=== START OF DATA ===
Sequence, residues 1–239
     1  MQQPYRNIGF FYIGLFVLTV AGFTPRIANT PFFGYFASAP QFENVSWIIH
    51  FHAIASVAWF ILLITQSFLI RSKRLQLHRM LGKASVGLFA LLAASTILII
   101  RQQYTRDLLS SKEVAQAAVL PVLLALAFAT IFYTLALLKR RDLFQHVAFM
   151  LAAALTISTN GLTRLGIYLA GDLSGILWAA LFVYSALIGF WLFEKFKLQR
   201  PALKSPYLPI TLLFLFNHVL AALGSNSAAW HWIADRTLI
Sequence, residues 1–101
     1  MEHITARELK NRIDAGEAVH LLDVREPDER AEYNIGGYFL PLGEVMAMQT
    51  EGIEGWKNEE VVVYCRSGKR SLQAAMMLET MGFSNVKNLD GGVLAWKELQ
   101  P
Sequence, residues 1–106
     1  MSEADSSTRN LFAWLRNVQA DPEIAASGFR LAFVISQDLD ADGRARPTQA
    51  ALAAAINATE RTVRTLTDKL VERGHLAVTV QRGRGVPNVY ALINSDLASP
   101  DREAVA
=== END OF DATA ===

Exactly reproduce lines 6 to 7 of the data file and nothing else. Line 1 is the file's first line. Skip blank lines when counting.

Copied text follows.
   201  PALKSPYLPI TLLFLFNHVL AALGSNSAAW HWIADRTLI
Sequence, residues 1–101